Turning Over a New Leaf Tracy was arrested and placed in jail on multiple charges of child endangering, due to her extensive drug use. As a result, her children were placed in foster care. Realizing what she had lost, Tracy was determined to get clean. She began treatment at the Family Dependency Treatment Court (FDTC). Because of Tracy’s history of alcohol and drug addiction, it was doubtful that her children would ever be able to safely return home to her. However, Tracy faithfully went to the Women’s Recovery Center in Xenia, Ohio, and successfully graduated three months later from the intensive program. During that time, Tracy maintained a consistent visitation schedule with her three children, attended groups and 12 Step meetings daily and was compliant with all FDTC requests and expectations. It was clear that Tracy had a desire to parent her children while remaining clean and sober, and after over a year of treatment, she was awarded custody of her two youngest children.

14 | Annual Report 2010

A Helping Hand for Daisy Daisy, age 86, was living in terrible conditions. She had stockpiled and accumulated so much in her apartment that the place soon became infested with insects. Daisy’s landlord was unable to exterminate the roaches and fleas in the building, and soon, every other tenant moved out because of the property’s deteriorating conditions. But Daisy refused to cooperate with the landlord, who finally began the process of evicting her. Adult Protective Services (APS) was called because of concerns that Daisy could not safely live independently. APS visited her home and worked with a physician to have Daisy’s abilities evaluated. The physician found that Daisy was unable to take her medications correctly, pay her bills or properly care for herself. A judge appointed an emergency guardian, and Daisy was placed into a local care facility. Now Daisy is benefiting from having a stable and clean living environment, and she is no longer exhibiting her previous hoarding behaviors. With the help of APS, she now receives a balanced diet, daily hygiene and proper medical treatment.


Making The Process of Supporting Children More Effective and Efficient During 2010, Child Support Services of Clark County (CSSCC) completed the first full year of implementing a new approach to case management. With staff reductions and limited resources, the division was challenged with finding new ways to meet the needs of customers. Through a process referred to as “case stratification,” cases were reorganized based upon the non-custodial parent having one case or multiple cases. Separate teams were assigned to handle the

We’re Here to Help Child Support is focusing on services that best help our customers in tough economic times. Despite staff reductions of nearly 50%, review and adjustments of child support orders have been conducted more than ever before. Monies collected for families also show an increase. We are here to work with individuals and families to care for their children.

singles caseload and the multiples caseload. This permits CSSCC to focus on cases in a more holistic manner and group similar cases together. Changes in the 2010 caseload makeup were seen that support the benefits of this approach. In January 2010, there were 18,443 open cases. By December, this number had dropped slightly to 18,421. However, the number of closed cases in December rose to 26,733 from the January total of 24,614. Not only did the active cases drop, but cases no longer needing services increased. Similar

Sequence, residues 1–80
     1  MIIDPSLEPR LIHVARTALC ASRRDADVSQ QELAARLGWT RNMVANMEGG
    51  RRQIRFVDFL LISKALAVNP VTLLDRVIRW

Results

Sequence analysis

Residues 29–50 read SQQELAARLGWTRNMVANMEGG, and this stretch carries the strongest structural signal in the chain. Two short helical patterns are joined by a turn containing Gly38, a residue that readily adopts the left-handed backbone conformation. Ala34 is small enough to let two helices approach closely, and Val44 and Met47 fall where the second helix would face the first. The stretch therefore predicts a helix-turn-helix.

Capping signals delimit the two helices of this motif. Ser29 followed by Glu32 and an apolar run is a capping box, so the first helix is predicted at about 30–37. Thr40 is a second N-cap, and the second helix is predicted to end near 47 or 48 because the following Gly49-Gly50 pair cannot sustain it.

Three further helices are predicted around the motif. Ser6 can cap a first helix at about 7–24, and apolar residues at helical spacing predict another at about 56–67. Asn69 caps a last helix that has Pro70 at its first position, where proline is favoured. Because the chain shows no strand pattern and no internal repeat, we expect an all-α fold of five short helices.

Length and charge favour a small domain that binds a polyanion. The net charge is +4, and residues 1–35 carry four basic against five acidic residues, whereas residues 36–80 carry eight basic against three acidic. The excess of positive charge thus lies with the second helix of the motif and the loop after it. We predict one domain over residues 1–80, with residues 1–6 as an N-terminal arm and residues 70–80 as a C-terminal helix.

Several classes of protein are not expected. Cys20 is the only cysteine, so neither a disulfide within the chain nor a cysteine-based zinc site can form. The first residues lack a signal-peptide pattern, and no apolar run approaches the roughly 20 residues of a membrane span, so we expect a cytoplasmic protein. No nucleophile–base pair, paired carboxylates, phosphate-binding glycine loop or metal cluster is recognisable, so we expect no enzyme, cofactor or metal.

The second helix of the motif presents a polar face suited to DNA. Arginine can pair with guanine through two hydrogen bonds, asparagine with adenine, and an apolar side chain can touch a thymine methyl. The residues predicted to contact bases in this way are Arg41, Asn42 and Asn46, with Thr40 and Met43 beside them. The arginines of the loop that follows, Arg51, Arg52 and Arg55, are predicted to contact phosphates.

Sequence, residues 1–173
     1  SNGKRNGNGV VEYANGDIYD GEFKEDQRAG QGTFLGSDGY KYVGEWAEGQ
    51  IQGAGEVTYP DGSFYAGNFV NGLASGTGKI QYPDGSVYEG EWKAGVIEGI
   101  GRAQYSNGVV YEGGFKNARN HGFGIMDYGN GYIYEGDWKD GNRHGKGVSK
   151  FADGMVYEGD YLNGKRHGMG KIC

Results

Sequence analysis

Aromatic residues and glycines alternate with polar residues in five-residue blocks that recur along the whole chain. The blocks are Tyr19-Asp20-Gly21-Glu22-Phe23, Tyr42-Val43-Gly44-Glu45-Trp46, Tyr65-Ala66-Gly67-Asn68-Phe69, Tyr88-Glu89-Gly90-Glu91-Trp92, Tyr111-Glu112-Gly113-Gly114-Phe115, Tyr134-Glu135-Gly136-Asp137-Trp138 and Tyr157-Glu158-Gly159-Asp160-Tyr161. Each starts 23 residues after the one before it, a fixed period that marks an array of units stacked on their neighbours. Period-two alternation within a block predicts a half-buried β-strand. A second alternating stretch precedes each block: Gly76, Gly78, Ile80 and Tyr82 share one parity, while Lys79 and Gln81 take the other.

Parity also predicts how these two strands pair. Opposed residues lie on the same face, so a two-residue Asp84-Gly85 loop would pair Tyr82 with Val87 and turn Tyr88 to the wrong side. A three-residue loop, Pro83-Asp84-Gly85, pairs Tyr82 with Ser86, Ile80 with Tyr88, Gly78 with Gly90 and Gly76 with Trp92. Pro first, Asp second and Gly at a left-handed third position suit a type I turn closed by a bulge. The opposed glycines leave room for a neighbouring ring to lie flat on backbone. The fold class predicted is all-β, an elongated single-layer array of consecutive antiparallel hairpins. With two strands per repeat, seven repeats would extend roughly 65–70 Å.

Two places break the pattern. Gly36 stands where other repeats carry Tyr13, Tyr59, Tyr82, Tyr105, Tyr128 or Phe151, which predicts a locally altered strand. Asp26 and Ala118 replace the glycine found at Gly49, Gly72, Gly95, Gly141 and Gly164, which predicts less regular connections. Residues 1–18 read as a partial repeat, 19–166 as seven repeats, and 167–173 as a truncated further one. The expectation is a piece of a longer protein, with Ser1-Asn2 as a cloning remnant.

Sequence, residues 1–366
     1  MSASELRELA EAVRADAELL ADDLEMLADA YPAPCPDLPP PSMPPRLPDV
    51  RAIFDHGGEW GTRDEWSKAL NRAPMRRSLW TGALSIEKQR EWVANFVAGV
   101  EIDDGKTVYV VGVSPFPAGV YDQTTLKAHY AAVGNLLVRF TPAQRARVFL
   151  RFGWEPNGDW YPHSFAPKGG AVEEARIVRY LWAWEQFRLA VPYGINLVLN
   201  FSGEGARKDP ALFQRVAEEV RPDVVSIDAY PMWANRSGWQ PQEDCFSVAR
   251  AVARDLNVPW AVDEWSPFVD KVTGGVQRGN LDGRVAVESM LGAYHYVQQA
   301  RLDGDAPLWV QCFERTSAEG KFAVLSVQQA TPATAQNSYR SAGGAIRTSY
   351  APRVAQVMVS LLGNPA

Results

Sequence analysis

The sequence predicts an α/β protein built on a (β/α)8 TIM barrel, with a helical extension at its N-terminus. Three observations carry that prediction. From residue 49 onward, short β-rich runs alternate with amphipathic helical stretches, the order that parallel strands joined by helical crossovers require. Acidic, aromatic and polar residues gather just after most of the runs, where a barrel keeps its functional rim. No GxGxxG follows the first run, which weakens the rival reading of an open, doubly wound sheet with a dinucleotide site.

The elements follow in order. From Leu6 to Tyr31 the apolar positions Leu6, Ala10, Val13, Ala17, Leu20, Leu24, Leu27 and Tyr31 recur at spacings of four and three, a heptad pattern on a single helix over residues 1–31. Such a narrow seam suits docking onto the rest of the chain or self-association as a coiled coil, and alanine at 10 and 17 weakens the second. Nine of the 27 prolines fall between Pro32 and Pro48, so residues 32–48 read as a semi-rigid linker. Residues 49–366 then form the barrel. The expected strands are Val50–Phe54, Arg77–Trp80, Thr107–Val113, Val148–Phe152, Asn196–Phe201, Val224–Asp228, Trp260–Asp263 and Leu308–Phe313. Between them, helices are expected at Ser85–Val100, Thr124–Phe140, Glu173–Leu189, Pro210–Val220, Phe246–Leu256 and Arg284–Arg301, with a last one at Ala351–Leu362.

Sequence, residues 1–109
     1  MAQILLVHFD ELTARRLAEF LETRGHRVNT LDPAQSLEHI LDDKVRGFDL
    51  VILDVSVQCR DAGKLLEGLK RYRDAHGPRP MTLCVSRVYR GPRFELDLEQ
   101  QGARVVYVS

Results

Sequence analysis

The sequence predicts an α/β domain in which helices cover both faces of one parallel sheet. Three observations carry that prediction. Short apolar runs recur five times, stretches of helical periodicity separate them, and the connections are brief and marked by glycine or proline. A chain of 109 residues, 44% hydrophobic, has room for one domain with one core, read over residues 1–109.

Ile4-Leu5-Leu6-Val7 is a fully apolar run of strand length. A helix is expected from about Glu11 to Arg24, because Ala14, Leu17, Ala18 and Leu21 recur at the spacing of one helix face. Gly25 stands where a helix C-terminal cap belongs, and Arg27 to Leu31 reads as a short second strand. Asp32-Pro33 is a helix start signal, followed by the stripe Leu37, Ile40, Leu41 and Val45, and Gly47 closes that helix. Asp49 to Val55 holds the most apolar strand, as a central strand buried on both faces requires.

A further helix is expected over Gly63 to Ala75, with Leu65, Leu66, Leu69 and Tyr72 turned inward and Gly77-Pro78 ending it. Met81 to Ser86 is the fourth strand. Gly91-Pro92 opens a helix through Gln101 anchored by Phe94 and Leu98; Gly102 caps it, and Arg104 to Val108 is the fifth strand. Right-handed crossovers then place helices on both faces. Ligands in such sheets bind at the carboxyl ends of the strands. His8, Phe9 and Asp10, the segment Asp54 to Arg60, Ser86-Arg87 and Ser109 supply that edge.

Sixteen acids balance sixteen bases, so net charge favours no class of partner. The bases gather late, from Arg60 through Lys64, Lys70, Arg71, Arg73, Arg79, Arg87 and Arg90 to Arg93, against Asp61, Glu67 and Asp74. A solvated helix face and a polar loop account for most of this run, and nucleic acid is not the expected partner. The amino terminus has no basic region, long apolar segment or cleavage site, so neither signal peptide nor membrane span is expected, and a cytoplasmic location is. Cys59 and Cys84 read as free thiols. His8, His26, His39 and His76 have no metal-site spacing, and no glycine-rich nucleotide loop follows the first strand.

www.clarkdjfs.org | 15


positive trends were also seen in the number

of the cases that contributed to total

of cases only owing past-due support. These

collected payments have remained regular

factors, in addition to an increased review of

payers of child support.

orders, resulted in a $1 million decrease in the amount of child support owed.

Many of the individuals who do not pay have significant barriers that keep them from

While typically viewed as a “last attempt� to

successful employment. In addition to legal

gain compliance with the court order, CSSCC

enforcement measures, CSSCC staff work

has found that for some individuals the

daily with individuals to link them up with

threat of jail provides the needed motivation.

agency and community services to remove

Through the help of CSSCC, $77,750.00 was

those barriers so that they can provide regular

collected when individuals made payments in

support for their children.

return for an early release from jail or to avoid a jail sentence for failure to pay child support.

Goals for the coming year include continuing

The primary goal, however, is to achieve

with CSSCC forms automation and developing

consistent payments for the children. Several

additional electronic workflows so fewer staff can manage cases even more effectively.

16 | Annual Report 2010


Partnering for Stronger Families Parents As Partners (PAP) helps parents— whether they live together or apart— understand the importance of working together to care for their children. In addition, the program links parents to educational, health and vocational services they may need. The program consists of one-on-one or group sessions guided by a trained facilitator. Each session lasts about 60 to 90 minutes. Topics covered by PAP Programs include: Family background & relationships • How our upbringing affects adult relationships and how we parent our children • Looking for the good in each other and in ourselves Communication skills • How children learn to communicate by watching their parents • Expressing thoughts, ideas and feelings, and how those things affect our relationships